- My LS
Writing a CV
Your CV is often your first contact with a potential employer, so it should make a good impression and market your skills and experience in the best way possible.
Tips for writing a CV
- Keep it short – about two pages
- Explain any gaps, such as time spent on a career break
- Put the most important information first
- Tailor your CV to the role you’re applying for
- Make sure it highlights the key skills employers are looking for
- Give examples as evidence to back up your skills
- Make sure it is accurate – lies on your CV can lead to dismissal
- Proofread it carefully, and ask someone else to check it too
Formatting your CV
To make your CV easy to read, use:
- clear section headings
- a clear font that looks professional, no less than 10 point
- consistent fonts, sizes and layout
- bullet points
Layout and what to include
Use your name as the heading at the top of your CV.
List your contact details at the start of your CV. This should include your:
- email address
- postal address
- phone numbers
You can put these details on one line to save space.
You should not include other personal information such as your age, date of birth, marital status or a photo.
If you have a disability, you do not have to tell employers about it, but you might decide to tell them so that they can make reasonable adjustments for you at an interview, or in the role if you’re successful. You can do this when you apply or at a later stage. There may be a benefit to disclosing your disability where firms are committed to equal opportunity policies.
You may want to include a short personal statement at the start of your CV. This should briefly summarise your background, skills and experience and the type of role you’re looking for.
List your roles, with the most recent first. For each role you should include:
- your job title
- the name of the organisation
- the dates you worked there
- your main responsibilities
- your achievements in the role
Make sure you highlight the skills and experience most relevant to the job you’re applying for.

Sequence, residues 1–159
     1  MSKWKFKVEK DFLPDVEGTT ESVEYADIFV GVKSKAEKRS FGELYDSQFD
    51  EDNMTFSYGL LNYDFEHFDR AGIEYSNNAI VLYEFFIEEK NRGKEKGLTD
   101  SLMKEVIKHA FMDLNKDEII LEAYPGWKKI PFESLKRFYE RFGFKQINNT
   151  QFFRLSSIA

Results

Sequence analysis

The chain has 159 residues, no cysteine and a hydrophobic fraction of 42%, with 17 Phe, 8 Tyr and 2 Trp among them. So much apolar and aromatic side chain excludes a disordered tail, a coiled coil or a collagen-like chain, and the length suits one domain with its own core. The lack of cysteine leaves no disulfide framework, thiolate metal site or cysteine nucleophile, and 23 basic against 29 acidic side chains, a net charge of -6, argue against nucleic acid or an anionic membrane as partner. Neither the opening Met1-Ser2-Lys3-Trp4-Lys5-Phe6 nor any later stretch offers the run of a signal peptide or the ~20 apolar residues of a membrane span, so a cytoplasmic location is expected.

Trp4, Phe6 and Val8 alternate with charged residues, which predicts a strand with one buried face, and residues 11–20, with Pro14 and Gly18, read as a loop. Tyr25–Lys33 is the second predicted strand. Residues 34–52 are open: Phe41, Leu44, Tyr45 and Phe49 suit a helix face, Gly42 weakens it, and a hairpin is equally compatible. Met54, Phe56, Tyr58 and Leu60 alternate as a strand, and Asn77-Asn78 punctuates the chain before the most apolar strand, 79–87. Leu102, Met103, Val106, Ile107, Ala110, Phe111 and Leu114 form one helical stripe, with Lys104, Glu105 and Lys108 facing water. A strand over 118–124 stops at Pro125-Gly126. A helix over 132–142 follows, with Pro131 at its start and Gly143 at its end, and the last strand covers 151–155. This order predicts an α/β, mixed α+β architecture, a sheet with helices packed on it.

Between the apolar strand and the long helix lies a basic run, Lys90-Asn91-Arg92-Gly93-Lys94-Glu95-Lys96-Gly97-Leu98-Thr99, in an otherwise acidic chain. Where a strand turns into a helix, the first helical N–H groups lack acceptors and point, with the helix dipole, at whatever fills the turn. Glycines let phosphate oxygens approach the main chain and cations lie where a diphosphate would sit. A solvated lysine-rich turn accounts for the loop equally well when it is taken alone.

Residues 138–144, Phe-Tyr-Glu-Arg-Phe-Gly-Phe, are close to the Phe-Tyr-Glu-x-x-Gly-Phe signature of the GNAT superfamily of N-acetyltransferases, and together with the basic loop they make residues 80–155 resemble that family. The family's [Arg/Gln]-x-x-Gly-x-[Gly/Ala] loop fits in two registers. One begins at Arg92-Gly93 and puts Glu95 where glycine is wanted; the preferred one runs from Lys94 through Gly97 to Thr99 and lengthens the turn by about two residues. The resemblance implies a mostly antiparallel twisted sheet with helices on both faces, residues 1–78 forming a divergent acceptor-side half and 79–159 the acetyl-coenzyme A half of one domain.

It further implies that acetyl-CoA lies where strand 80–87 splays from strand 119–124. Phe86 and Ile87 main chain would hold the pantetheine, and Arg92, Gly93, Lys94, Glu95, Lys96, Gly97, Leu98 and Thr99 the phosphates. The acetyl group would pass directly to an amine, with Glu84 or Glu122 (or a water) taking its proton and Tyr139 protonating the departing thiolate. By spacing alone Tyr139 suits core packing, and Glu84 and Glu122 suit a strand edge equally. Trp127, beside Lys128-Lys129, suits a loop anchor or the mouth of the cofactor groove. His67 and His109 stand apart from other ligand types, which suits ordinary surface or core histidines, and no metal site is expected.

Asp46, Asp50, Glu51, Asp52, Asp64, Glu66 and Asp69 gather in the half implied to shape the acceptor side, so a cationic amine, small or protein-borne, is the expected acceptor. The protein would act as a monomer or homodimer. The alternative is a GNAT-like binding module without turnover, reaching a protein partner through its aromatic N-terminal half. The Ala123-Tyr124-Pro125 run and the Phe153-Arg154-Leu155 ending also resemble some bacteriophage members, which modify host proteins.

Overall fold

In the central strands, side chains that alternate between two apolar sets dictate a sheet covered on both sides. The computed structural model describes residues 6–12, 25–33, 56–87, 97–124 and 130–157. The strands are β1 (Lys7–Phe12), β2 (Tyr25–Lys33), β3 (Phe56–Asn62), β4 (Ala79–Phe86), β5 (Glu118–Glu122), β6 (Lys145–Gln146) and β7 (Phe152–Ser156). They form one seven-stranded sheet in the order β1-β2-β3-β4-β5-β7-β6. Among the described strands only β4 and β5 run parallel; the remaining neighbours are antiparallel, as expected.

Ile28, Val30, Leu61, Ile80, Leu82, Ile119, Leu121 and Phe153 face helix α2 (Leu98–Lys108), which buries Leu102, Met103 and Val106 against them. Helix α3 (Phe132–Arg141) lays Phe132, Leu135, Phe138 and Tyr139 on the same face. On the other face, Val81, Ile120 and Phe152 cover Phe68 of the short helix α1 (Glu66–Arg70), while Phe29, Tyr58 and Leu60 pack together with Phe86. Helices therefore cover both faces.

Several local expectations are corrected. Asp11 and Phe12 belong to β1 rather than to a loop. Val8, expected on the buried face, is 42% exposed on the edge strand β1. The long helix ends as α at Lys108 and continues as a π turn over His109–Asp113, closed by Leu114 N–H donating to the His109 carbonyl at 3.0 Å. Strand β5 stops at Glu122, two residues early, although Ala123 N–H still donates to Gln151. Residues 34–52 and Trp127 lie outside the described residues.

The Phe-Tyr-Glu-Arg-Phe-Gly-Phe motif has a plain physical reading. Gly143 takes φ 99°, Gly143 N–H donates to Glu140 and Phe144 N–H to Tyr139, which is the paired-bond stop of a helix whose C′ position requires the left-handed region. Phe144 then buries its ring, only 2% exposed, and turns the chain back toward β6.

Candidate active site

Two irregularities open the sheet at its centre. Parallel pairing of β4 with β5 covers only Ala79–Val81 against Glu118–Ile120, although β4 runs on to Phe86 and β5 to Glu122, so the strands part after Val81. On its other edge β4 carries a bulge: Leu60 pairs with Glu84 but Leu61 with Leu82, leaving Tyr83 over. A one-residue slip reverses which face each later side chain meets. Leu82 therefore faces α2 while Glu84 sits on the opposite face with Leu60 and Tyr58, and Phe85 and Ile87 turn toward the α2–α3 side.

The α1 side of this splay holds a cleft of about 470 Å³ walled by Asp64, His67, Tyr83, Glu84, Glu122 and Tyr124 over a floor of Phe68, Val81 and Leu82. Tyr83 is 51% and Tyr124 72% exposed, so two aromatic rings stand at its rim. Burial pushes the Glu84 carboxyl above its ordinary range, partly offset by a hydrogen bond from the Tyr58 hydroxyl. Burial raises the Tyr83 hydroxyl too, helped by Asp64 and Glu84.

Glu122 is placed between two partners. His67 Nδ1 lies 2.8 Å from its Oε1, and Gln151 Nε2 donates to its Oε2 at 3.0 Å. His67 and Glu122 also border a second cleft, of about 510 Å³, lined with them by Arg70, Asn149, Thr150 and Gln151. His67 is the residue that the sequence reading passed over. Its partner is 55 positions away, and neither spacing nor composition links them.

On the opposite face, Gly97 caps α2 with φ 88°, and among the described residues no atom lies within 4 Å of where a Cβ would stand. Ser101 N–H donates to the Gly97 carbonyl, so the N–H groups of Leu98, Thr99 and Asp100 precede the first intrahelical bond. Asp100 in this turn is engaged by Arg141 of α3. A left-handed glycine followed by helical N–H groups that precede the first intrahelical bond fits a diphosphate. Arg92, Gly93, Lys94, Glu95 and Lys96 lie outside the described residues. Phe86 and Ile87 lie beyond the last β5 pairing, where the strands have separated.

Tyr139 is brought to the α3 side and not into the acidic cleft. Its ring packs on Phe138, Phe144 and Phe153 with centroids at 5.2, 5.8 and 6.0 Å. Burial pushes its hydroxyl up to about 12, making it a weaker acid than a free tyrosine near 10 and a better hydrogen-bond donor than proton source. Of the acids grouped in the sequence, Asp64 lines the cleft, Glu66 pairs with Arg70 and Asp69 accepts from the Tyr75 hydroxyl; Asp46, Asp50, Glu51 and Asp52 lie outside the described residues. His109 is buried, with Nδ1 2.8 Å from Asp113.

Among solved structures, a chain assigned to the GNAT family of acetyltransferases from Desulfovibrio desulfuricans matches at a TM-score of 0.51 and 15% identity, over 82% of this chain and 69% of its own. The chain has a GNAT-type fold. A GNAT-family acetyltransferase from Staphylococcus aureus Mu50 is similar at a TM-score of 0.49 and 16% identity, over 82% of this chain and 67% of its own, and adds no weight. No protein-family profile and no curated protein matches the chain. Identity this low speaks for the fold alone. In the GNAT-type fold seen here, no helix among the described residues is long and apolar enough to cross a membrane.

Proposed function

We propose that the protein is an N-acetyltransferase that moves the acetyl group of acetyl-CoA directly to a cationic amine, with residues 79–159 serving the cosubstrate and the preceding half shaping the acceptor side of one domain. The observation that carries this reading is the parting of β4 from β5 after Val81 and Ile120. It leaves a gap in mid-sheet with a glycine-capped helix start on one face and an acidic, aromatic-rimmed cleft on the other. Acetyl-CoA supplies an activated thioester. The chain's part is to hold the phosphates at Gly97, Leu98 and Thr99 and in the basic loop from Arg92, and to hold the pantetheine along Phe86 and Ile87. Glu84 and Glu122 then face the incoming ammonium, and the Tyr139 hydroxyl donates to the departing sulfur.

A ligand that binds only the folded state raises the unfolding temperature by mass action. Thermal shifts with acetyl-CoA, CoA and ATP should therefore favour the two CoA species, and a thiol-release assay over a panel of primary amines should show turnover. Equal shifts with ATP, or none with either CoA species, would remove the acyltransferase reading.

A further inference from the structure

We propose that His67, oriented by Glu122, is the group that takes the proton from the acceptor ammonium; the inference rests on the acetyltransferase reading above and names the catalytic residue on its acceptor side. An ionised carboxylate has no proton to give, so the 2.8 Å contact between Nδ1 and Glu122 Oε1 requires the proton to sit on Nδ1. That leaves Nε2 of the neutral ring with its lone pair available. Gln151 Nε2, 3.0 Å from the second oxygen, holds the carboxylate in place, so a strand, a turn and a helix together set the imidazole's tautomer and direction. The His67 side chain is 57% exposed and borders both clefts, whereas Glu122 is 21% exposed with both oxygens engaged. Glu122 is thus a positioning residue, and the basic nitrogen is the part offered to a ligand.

You do not need to include your salary or the reason you left.
Education and qualifications
List your education and qualifications, with the most recent first. Include:
- the type of qualification
- your result, or expected result if you are still studying
- the name of the school, college, university or other organisation
- the dates you attended
- a brief summary of the course and what you learned, such as the areas of law you studied
You can also include any professional memberships in this section.
If you’re at the start of your career you may wish to put the education section before the work experience section.
You can include a skills section covering:
- IT skills, such as software packages that you’re familiar with
- languages, particularly if they’re relevant to the role
- any other specialist skills that are relevant
If you prefer, you can include your skills as part of the sections on work experience and education.
Interests and activities
You do not have to include your interests or hobbies on your CV. Think carefully about the impression they will give a potential employer. Only include interests that show you have skills the company is looking for, such as:
- volunteering, particularly if it relates to your career
- activities that show key skills such as team work
- positions of responsibility that you have held outside work
- interests that relate to the job
You do not need to list references on your CV. An offer of employment will usually be subject to receiving references, but you can wait until an employer asks for them, and this will normally be later in the process.
Check that your referees are willing before you provide their contact details.